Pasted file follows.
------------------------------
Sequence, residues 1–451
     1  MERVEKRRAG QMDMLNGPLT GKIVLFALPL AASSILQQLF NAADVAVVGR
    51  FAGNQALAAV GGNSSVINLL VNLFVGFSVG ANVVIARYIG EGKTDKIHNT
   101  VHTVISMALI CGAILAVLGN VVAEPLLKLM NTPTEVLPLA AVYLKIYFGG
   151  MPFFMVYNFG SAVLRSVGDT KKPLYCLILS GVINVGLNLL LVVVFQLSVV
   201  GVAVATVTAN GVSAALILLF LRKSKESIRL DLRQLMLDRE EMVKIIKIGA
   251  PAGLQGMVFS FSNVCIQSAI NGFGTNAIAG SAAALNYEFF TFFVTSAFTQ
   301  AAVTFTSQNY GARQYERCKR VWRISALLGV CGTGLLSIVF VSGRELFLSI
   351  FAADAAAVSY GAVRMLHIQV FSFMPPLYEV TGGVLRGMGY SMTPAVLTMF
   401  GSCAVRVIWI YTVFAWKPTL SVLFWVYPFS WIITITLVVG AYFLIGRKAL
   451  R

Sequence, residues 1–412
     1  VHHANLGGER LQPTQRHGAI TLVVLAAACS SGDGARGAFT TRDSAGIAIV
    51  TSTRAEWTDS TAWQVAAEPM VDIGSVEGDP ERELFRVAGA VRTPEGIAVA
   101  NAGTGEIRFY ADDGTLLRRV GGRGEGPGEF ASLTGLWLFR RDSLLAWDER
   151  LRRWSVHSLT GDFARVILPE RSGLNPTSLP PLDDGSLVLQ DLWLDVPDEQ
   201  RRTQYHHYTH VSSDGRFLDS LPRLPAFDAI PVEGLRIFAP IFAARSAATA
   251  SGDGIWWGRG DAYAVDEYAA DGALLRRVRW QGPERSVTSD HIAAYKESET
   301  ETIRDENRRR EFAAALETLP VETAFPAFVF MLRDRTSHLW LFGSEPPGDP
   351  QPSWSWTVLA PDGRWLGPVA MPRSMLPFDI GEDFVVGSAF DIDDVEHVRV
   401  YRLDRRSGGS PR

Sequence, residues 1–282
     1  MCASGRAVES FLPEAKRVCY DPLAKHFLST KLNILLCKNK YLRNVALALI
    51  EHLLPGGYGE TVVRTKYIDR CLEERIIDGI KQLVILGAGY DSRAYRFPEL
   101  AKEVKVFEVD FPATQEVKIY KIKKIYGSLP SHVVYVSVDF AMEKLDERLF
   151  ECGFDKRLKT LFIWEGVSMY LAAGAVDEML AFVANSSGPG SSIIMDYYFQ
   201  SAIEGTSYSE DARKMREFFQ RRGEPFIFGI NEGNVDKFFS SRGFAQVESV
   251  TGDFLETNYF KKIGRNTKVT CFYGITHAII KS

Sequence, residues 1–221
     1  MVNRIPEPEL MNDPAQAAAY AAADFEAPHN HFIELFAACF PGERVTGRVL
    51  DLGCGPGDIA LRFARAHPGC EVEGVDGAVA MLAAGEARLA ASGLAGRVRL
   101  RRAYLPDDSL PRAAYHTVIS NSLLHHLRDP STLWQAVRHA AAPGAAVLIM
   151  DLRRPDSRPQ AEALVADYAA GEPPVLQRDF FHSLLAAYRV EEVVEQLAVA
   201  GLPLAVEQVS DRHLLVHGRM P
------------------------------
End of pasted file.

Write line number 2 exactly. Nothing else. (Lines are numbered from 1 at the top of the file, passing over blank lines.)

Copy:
     1  MERVEKRRAG QMDMLNGPLT GKIVLFALPL AASSILQQLF NAADVAVVGR